I got a phone call from my Aunt Becky today. She is perhaps the most "twinkly" of all the women in my family. (Read my previous entry in this blog if you don't understand that reference.)
Aunt Becky is single and never had children of her own so she has always borrowed her nieces and nephews for child-like play time. My family lived in Dallas and when I was a preschooler she was in seminary in Ft. Worth. She later moved to Dallas where she lived for most of my childhood. I recall clearly my earliest memories of her.
Here was this woman who looked remarkably like my own mother, but she was ...bigger. I'm referring to her presence, not her size. She told wonderful, loud stories with funny facial expressions and silly voices and big gestures and her laughter filled up the room.
Most grown-ups who visited, including relatives, would speak to the other grown-ups most of the time and eventually get around to asking us kids questions like "What do you want to be when you grow up?" before returning to their conversations as my brother and sister and I went back outside or to our rooms to play. But Aunt Becky would get right down on the floor and play games with us for hours. I remember being fascinated by her and watching her to see what she'd do next.
When Aunt Becky was attending seminary in Ft. Worth she would occasionally have to take time out from our visit to work on her homework. One day she looked up from her work to see me standing at the door, just watching her. She said, "Donna, I can't play right now, but if you want to come in and keep me company we can play when I'm finished." And I did. I sat quietly and watched her while she finished her class assignment and then we went back to playing. Since then I have always been her "Company Girl."
Aunt Becky and I had an exciting adventure one day when I was about four or five years old. She had taken me with her to go pick up the last of her things at the dorm in Ft. Worth as she was moving to Dallas. I recall the big, stately buildings on the campus and the map on the floor in the enormous rotunda and the big smiles on the faces of her friends as she introduced me to them.
The rain started on the way home and it came down in sheets. We couldn't see the car on the Turnpike in front of us and the windows kept fogging up. This was back before laws about kids riding in the backseat, before most cars even had seat belts. I spent most of our drive back to Dallas jumping from the front seat to the back seat to wipe off the inside of the windshields so Aunt Becky could see better.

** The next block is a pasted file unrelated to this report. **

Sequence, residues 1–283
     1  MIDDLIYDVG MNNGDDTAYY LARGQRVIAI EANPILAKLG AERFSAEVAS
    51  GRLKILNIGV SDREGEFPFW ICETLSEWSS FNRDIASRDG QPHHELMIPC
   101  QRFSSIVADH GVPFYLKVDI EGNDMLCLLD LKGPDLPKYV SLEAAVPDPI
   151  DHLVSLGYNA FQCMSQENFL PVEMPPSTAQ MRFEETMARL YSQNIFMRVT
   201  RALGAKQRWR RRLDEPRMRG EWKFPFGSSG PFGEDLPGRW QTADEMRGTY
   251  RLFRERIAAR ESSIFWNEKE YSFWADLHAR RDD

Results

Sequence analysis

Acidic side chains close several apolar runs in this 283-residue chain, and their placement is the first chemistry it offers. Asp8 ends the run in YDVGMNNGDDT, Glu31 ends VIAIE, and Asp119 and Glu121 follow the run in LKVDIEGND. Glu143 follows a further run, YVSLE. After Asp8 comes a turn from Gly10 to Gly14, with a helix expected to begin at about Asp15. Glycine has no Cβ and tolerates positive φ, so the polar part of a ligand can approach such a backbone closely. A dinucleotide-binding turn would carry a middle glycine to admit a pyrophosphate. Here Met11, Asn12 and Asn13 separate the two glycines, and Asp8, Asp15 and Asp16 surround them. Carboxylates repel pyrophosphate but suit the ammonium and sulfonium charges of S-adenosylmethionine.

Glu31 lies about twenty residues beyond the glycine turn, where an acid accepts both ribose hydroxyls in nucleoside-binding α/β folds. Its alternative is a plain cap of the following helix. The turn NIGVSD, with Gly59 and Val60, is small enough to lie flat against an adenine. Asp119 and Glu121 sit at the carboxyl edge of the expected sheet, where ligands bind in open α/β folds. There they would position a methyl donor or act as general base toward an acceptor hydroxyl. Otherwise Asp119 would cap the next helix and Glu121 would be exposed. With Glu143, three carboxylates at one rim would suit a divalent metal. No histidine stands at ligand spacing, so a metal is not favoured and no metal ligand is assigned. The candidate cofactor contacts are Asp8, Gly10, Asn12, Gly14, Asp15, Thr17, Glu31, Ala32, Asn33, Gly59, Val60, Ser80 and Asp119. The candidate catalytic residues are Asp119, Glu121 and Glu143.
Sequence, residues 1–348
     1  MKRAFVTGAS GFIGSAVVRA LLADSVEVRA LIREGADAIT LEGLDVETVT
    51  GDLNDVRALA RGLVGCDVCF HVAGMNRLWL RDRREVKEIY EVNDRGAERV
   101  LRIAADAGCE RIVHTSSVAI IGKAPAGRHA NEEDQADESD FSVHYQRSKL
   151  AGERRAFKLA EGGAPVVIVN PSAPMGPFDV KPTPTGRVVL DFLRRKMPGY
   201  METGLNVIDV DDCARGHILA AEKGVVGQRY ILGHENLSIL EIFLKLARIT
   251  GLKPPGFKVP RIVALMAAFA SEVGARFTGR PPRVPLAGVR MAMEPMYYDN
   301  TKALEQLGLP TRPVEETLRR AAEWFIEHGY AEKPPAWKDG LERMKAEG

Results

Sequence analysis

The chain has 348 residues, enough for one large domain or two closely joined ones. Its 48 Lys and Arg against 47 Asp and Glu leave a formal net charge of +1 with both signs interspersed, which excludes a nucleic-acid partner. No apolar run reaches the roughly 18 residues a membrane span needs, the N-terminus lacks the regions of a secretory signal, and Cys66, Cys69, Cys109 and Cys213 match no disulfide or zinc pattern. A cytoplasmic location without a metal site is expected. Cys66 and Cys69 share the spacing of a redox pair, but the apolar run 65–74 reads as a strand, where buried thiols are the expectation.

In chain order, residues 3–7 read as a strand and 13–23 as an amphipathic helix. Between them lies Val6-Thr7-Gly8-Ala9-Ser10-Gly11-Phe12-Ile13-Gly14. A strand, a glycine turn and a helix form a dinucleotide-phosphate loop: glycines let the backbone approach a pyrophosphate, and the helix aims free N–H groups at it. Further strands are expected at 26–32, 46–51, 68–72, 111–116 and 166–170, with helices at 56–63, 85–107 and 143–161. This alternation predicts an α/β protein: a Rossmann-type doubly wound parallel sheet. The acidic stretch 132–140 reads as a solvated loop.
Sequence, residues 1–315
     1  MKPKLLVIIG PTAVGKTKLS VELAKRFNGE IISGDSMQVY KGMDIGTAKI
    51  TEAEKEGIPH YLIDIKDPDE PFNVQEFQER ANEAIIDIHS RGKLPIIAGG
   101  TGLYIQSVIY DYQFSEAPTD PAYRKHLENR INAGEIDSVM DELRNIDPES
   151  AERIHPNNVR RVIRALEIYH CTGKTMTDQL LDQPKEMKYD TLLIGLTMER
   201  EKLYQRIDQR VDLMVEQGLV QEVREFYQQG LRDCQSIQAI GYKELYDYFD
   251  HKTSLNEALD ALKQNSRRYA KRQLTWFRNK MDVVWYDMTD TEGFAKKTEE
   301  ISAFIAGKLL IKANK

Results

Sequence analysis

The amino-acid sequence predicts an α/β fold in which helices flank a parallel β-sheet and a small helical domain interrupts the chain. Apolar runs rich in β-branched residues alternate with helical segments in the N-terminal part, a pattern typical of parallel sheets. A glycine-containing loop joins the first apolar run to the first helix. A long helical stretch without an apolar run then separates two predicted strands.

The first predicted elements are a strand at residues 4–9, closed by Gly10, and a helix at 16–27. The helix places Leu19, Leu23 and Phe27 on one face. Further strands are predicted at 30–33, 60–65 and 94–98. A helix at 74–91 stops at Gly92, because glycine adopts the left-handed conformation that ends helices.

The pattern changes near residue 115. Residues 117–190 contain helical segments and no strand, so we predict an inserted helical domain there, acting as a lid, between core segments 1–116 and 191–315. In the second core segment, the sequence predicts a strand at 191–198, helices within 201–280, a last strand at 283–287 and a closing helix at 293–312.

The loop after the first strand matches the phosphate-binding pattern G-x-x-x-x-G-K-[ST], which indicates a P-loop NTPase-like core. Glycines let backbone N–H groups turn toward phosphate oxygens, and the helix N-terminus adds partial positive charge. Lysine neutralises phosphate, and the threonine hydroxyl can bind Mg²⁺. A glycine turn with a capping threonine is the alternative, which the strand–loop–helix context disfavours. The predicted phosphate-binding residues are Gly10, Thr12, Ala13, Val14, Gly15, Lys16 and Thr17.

Then we both heard and felt a loud bump. I jumped to the back seat to see what it was and I saw a trash can in the road, the big metal kind we had in our backyard by the alley But this one was sort of ...crunched in the middle. Apparently, we'd just run over it. Now in some families that might be told and retold as a scary story. But when Aunt Becky tells it we always end up laughing about how ridiculous we must have looked with me climbing back and forth over the seats to wipe off the windows and her running over trash cans.
In my family, almost every story ends up being funny, whether it started out that way or not.
Back to the phone call….
During my conversation with Aunt Becky we somehow landed on the topic of my grandmother's colonoscopies. (I chose not to retrace our steps in an attempt to discover how we arrived at this topic. Some things are better left alone.) Aunt Becky began to giggle and made me get pen and paper ready before continuing her story, saying "You're going to want to write this one down!"
Aunt Becky helped take care of her mother/my grandmother during her declining years and told me about the last time she took her in for a colonoscopy. Afterwards, as they were leaving my grandmother turned to her and said, "If I'm growing anything in there, I'm takin' it with me. I'm not goin' through that again!" Aunt Becky and I collapsed in laughter as I struggled to dutifully write down that quote for posterity.
I could just see the twinkle in my grandmother's eye as she said that.
And in Aunt Becky's as she told the story.
I don't know how old I will be when I breathe my last...
or how feeble I may become before I get there...
but I hope I never lose the ability
to find the funny.
Thanks, Aunt Becky!
I love you!